In larger organizations — esp. in enterprise software — there are many people who play the dual role of Customer Therapist/Technical Spinmiester. This is a role that almost no organization wants to admit they need and have, but that every organization of large enough size has many, many people doing.
As we’ll find out, no one would want to admit that they have this role because the whole purpose of the role is to tell the customer “no” when it comes to fixing broken or otherwise screwed up things.
Cleaning the Bed
Obviously, I don’t have a perfect title for this role yet, but those those two titles capture the primary jobs of this role, in order:
- When your software shits the customer’s bed, you need to prevent them from going ape-shit and doing something like demanding a refund of all those millions of dollars they gave you.
- Control the spin of how the customer perceives your software. To a lesser extent, you want to control the spin of how the rest of the market perceives your software, but that’s usually only if news of the afore mentioned bed-shitting leaks.
- Containment: prevent whatever problems the customer is having from infecting the rest of your organization. For example, the customer could demand that you drop everything (like development of the next version of your product) and focuses exclusively on their problem. When someone’s holding a big wad of cash, this is always a huge risk. Another version of this is the dreaded mutual-assured-bundled-sale-descruction plan: “if you don’t fix these problems in product X, there’s no way I’m going to sign that multi-year/million dollar deal to buy products Y and Z!”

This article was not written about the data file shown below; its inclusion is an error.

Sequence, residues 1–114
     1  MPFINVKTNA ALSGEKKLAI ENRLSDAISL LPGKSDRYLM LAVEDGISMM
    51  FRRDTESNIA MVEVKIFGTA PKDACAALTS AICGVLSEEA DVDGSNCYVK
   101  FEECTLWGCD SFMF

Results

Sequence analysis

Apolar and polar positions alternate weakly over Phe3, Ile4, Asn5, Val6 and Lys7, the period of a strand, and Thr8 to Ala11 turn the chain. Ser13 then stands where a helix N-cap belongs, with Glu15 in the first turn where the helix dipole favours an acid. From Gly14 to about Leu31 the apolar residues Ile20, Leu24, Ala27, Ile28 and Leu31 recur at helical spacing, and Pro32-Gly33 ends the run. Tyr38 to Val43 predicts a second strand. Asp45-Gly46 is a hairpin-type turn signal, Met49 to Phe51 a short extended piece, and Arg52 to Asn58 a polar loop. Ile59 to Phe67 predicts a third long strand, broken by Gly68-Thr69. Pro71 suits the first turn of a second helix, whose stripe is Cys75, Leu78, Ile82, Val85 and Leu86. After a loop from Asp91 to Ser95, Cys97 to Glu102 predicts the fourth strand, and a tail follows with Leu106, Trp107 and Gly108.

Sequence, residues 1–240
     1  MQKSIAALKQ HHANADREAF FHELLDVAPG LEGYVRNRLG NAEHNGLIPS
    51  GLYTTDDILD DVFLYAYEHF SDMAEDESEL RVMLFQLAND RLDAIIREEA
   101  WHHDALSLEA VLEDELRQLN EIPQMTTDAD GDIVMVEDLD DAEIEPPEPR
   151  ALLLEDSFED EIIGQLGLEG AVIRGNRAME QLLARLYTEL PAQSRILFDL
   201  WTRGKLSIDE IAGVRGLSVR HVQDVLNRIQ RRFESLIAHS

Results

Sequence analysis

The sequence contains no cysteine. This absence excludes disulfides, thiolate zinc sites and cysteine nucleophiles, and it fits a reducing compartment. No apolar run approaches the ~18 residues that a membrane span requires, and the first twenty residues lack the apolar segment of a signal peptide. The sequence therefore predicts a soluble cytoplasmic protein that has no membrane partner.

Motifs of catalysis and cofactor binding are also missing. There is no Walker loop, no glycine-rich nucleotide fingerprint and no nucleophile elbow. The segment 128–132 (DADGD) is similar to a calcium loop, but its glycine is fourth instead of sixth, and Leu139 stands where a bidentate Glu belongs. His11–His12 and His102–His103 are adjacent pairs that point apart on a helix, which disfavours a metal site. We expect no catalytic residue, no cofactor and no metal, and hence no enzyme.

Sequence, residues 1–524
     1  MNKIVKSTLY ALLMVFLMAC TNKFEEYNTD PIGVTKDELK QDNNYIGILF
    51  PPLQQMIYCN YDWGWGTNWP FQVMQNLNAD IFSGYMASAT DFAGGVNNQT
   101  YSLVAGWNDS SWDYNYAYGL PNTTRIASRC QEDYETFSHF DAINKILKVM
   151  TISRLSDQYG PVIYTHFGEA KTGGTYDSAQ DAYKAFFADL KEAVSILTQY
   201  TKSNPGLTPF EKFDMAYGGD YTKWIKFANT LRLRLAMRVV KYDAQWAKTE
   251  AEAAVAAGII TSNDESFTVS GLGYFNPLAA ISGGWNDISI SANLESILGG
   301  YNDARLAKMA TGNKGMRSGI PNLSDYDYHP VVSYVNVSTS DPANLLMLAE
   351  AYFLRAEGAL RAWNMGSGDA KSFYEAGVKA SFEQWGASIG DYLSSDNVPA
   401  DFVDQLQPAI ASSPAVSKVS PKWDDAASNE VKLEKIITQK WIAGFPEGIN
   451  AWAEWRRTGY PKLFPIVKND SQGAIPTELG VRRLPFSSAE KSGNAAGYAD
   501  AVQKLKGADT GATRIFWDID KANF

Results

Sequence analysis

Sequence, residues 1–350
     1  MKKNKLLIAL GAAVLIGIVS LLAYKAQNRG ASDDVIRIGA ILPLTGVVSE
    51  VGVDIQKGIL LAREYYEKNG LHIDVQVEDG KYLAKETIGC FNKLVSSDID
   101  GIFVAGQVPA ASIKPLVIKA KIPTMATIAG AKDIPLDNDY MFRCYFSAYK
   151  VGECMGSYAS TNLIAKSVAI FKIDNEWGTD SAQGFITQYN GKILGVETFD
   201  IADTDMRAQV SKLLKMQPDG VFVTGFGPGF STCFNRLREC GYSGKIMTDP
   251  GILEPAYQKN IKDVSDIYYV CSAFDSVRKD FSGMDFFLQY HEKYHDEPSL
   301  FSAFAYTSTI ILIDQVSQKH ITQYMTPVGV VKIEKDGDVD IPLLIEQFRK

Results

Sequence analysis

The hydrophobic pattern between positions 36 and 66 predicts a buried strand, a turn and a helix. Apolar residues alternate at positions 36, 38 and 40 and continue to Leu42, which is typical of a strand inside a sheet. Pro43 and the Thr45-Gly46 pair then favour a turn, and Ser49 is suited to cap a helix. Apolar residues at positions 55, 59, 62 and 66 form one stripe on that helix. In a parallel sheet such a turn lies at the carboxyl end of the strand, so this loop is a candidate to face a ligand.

Software + Relationship
As many of you, dear readers, and I have spoken about face-to-face on several occasions, Enterprise Software deals are about half for the software, and half for the ongoing relationship that the vendor and the customer has. The customer wants to make sure the vendor will be there when things go pear-shaped. The role of Customer Therapist/Technical Spinmiester exists to take care of such times: they’re the relationship maintainers. The people who buy the flowers, give the massages, and promise “never to do that again.”
Small/micro-companies, of course, can’t compete on that level (despite being so God damn awesome): they don’t have the resources to provide an “enterprise-level relationship” with all their customers. (At least, it hasn’t been proven otherwise on a mass-scale yet.) Hence, the Enterprise Software Market is created and thrives where-in large companies sell software + relationship to other large companies.
As Charles and I start discussing in this week’s (upcoming) podcast, this constraint is something that small companies can use to drive features for their product(s)/services(s). But, you’ll have to wait until Friday for that.